Editor’s Note: This article contains links to suicide and suicidal thoughts. If you are experiencing a mental health crisis, call the US National Suicide Crisis Helpline on 988.
“Take time to say hello to someone. Send a message if you feel like you haven’t spoken to someone in a while.”
That’s 22-year-old football star Sophia Smith’s advice for reducing stress and connecting with others. As he said on the NBC podcast My Favorite World Cup, the best thing you can do is treat people well.
Smith is the youngest Women’s National Football League MVP in history and the 2022 U.S. Women’s Player of the Year. Off the field, Smith committed suicide in March 2022.
Meyer’s death has drawn attention to the problem faced by student-athletes.
In a 2022 NCAA survey of 10,000 student athletes, more than a third of women said they were mentally exhausted almost every day. And up to 35% of all professional athletes experience mental health problems, according to the American College of Sports Medicine. This figure is even higher among college athletes.
“Being an athlete and student athlete comes with a lot of stress, and I think the psychological side of that just needs to be talked about more,” Smith said.
Victoria Garrick Brown, a former Division I athlete and founder of The Hidden Opponent, a non-profit organization dedicated to student and athlete mental health, said striving to be perfect and successful can really have consequences.
“I have a lot of sympathy for college student athletes who have not yet turned pro and are concerned (about how they will be treated if people find out they are in therapy or taking antidepressants or struggling with things off the field or court,” Brown said.
It takes a lot of work to become one of the best players in the US Women’s Soccer League. Sophia Smith soccer player
A 2017 survey by the University of Michigan School of Public Health found that college athletes were three times less likely to seek help for mental health issues.
Dr. Robin Scholefield, associate director of sports and clinical psychology services at the University of Southern California, said you often don’t see many of the typical outward signs, so they can be harder to spot.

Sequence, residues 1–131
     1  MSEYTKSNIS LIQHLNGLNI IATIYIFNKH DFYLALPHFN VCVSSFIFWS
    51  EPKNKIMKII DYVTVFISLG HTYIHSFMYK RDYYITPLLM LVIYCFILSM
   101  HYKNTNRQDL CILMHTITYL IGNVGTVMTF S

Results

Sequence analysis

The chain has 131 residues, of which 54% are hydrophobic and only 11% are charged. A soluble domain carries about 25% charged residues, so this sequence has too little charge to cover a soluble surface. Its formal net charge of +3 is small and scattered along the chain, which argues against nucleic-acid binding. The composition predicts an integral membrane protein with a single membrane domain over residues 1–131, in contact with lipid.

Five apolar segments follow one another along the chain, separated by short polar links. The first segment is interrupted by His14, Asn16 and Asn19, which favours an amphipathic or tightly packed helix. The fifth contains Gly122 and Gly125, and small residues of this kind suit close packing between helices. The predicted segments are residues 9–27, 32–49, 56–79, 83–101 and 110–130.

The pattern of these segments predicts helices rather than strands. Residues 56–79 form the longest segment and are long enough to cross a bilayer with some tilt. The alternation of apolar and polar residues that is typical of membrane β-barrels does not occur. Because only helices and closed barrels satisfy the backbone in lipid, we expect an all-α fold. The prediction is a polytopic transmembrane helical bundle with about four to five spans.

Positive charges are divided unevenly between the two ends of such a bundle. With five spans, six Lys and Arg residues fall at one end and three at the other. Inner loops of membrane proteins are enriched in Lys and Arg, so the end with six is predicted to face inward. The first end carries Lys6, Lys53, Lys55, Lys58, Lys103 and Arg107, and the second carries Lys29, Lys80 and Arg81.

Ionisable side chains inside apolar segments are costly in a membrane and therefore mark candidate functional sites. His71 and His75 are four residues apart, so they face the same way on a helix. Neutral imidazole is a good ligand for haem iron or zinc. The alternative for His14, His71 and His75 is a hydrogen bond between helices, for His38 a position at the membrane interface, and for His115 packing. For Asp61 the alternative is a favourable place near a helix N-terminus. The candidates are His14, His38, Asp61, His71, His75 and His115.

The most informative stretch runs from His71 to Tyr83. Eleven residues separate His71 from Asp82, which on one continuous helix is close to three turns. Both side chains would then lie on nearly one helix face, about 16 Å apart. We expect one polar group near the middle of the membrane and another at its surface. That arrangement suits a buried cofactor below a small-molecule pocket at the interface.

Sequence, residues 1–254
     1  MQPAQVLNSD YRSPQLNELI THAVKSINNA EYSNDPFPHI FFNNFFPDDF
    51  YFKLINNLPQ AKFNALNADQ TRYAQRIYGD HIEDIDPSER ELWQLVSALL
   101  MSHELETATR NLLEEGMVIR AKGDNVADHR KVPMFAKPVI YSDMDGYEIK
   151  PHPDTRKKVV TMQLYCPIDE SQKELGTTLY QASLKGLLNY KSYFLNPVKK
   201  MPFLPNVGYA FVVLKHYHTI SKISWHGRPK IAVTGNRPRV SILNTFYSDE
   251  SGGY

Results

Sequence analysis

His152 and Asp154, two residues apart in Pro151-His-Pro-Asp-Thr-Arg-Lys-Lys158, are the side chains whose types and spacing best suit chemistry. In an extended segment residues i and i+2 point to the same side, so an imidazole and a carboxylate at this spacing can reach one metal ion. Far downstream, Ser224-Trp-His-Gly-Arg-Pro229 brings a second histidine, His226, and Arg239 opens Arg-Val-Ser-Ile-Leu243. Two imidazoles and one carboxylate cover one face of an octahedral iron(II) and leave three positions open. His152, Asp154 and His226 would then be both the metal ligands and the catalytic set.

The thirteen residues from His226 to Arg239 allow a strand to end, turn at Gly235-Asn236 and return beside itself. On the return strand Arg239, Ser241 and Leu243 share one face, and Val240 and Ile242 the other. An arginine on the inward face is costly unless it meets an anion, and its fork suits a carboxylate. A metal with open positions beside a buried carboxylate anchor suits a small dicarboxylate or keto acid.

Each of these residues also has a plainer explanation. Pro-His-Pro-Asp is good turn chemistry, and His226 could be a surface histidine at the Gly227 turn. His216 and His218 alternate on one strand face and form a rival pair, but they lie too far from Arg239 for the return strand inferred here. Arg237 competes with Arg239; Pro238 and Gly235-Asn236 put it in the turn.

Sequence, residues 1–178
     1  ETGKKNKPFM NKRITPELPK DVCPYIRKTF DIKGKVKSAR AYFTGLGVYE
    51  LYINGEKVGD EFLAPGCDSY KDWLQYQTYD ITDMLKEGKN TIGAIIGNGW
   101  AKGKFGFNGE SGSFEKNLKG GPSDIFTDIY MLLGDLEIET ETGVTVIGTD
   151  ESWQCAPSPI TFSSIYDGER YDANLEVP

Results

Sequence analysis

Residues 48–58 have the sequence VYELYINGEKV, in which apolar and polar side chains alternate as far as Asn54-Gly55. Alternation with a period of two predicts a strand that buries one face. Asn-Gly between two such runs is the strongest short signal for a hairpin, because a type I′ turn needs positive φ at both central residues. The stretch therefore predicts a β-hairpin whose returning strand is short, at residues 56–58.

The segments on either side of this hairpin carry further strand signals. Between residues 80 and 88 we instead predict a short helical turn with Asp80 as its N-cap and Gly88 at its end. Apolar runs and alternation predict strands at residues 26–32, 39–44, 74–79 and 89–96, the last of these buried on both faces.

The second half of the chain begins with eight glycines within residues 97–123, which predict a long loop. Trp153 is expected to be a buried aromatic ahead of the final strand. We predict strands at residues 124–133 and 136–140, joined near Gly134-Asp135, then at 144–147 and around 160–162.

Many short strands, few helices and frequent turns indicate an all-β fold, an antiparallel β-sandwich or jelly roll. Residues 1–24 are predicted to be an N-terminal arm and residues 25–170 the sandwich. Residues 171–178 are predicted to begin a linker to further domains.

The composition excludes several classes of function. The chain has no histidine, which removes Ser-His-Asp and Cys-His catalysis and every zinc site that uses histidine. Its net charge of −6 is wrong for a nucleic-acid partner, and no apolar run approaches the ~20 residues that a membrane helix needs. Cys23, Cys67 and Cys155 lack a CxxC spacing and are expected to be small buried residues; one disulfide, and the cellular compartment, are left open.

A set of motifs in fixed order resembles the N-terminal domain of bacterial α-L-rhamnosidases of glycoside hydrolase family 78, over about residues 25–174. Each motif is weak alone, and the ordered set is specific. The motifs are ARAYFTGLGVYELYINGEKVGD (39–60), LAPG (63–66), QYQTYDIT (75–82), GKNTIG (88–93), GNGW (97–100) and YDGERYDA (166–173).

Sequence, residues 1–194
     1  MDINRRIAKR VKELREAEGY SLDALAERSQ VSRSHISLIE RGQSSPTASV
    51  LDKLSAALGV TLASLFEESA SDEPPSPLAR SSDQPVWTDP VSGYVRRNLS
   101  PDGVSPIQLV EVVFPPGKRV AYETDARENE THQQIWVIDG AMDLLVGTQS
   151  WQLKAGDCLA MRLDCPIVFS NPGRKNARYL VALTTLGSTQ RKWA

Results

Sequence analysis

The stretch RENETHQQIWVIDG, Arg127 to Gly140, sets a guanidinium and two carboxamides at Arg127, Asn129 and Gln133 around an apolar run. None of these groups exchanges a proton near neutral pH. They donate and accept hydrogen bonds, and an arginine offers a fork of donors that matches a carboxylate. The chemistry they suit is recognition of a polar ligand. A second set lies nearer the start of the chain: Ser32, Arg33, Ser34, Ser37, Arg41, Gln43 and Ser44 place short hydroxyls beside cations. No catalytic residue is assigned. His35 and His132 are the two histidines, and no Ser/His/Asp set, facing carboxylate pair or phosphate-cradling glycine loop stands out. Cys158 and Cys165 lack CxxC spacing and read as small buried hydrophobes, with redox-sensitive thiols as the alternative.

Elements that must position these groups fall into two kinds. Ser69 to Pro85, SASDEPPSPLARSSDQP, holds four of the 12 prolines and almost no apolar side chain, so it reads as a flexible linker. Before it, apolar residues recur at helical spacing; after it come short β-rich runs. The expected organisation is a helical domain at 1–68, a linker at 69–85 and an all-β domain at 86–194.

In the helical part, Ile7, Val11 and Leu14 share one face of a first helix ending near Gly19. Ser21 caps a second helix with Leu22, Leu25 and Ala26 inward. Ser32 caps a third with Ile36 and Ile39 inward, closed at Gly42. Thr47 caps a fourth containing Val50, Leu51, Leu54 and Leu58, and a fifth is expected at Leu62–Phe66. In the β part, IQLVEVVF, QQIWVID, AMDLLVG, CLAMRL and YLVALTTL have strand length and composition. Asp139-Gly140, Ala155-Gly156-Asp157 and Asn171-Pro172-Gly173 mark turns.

The same thing happened to Katie Meyer.
Meyer was a senior specialist in international relations and a minor in history. She was also the captain and goaltender of the Stanford women’s soccer team. She was found dead in a campus dorm. The Santa Clara County Medical Examiner later determined the cause of death to be “suicide”.
His death shocked the entire community in the Bay Area and across the country.
“On the outside, she was the happiest, most cheerful person, she had so much energy in her. You wouldn’t have guessed she was in pain,” Smith said. “So I think that’s what makes mental health scary: you don’t know what someone goes through.”
To meet the huge demand for better mental health support, educational institutions such as Western Illinois University and Rowan University are introducing new programs.
In April 2023, WIU received a grant to provide student-athlete training on suicide prevention. The UK has received a grant to study whether yoga can help student-athletes cope with post-pandemic stress.
“I don’t know if there’s a solution, but people know it’s okay and it’s okay to feel bad,” Smith said. “It happens, but it’s normal. Talk about it and ask for help. I know this is easier said than done, but you’ll be surprised to hear that other people go through the same thing.”